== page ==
3. Run by the same family since inception
First leader of North Korea, World War II. It was Kim Il Sung who led the guerrilla war during World War II. Il Sen single-handedly ruled the country from 1948 until his death in 1994. During this time, he achieved the title of “Great Leader”. When Il Sung died, his son Kim Jong Il took over the government. Chen Il, on the other hand, ruled the country until his death in 2011 and was named “Dear Leader”. North Korea’s administration is now in the hands of Jong Il’s son, Kim Jong Un.
4. Not a communist country
One of the biggest misconceptions about North Korea is that the country is still ruled by communism. Yes, North Korea was founded many years ago around communist ideology. Today, however, they have largely abandoned this ideology.
So much so that almost everything related to communism was gradually removed from their constitutions until 2009. The country is governed by the Juche Doctrines created by Chen Il and established as the country’s official ideology.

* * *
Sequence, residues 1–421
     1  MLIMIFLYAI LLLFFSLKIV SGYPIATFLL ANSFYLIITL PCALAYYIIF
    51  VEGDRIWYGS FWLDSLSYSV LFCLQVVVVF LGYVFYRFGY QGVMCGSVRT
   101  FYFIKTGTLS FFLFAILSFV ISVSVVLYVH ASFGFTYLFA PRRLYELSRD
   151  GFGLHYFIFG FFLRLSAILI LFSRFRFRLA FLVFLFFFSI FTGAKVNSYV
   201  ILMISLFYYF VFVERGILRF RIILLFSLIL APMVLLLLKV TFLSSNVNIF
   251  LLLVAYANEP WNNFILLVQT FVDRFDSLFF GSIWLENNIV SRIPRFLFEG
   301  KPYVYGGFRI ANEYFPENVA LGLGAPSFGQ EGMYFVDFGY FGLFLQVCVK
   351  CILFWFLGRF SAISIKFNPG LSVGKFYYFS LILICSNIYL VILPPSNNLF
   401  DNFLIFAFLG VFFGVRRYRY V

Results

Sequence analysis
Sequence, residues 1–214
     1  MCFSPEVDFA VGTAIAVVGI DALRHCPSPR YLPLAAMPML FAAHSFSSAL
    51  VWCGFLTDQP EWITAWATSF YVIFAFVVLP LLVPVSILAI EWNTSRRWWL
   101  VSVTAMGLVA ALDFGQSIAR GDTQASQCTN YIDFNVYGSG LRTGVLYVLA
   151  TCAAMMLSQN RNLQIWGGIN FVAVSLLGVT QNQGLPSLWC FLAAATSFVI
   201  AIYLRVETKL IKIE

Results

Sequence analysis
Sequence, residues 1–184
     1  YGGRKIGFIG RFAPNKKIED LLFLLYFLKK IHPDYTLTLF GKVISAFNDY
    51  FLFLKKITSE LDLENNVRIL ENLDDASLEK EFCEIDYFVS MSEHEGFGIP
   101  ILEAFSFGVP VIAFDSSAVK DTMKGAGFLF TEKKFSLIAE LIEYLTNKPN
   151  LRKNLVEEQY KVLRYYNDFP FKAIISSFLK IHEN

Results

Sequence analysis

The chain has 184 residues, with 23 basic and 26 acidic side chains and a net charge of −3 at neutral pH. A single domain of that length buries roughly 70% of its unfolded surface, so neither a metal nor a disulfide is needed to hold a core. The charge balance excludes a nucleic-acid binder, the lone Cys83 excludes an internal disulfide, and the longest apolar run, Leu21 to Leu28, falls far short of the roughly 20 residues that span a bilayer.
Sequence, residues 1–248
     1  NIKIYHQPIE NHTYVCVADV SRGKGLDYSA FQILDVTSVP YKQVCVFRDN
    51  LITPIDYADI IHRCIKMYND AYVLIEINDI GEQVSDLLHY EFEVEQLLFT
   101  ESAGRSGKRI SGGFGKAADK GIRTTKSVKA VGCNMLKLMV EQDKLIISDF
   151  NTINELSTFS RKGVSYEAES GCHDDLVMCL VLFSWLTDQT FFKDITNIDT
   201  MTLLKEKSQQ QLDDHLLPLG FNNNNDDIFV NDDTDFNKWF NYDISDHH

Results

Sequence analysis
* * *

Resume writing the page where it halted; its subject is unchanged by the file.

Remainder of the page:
5. North Korea has its own calendar
This calendar begins with 1912, the year Kim Il Sung was born.
6. One of the world’s largest art studios is located in North Korea.
In the capital, Pyongyang, there is a huge structure called the Mansudae Art Studio built on a 120,000 square meter site. The best artists of the country work in this institution.
7. The public does not have access to the Internet
In the country, only a few thousand people from the elite class can use the Internet. But even the Internet used by the elite is not the Internet we know. The elite can use North Korea’s “own internet” called Kwangmyong.
Of course, only government-approved sites can be accessed on this internet system. The only class in the country with real internet access are the propaganda or hacking units on behalf of the government.
8. The North Korean government claims the country has a 100% literacy rate.
9. Citizens of only two countries in the world can travel to North Korea without a visa